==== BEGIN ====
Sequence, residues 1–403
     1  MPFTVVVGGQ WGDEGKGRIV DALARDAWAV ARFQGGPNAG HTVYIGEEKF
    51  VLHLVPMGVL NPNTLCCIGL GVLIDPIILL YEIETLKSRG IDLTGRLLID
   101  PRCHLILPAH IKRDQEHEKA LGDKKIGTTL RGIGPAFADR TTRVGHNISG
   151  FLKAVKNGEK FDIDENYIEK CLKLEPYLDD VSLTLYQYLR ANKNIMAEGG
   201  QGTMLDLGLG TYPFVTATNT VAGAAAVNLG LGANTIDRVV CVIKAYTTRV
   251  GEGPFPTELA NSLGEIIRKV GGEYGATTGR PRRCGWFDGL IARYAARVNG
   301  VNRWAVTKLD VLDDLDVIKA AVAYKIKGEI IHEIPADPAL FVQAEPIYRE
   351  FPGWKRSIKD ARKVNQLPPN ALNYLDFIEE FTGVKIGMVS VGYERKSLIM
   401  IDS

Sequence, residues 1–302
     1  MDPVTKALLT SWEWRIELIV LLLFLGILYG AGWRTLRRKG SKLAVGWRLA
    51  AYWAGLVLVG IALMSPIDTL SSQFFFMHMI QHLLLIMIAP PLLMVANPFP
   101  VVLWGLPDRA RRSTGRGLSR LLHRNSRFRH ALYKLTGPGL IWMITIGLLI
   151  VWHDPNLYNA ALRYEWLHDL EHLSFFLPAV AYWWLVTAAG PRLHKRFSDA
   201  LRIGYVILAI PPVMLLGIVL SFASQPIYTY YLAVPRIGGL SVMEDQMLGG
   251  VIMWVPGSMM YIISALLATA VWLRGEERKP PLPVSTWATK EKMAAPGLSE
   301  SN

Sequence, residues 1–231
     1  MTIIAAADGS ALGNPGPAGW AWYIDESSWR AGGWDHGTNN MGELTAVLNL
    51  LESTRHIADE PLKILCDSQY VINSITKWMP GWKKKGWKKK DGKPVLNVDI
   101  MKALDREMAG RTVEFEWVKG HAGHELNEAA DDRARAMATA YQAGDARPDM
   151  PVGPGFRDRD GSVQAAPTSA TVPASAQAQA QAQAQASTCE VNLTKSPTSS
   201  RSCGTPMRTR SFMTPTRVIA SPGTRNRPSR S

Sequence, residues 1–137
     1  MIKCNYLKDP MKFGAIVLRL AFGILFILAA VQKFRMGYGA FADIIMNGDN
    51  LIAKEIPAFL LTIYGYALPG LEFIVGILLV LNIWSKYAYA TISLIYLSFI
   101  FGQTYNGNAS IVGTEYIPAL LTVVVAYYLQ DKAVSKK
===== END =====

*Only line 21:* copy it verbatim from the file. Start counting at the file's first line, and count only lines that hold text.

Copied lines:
    51  LESTRHIADE PLKILCDSQY VINSITKWMP GWKKKGWKKK DGKPVLNVDI